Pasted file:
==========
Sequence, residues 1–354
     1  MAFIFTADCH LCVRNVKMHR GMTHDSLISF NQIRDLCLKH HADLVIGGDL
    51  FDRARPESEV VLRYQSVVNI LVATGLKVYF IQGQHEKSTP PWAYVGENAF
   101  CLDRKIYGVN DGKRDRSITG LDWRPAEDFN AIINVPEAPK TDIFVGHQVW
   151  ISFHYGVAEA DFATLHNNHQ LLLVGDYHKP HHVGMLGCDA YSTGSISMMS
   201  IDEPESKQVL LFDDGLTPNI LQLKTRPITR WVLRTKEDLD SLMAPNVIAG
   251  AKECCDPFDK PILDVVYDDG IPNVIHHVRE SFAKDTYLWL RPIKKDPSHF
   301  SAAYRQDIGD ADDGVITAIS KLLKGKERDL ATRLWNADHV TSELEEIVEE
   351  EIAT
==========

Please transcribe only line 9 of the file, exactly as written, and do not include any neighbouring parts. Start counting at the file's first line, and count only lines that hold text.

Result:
   351  EIAT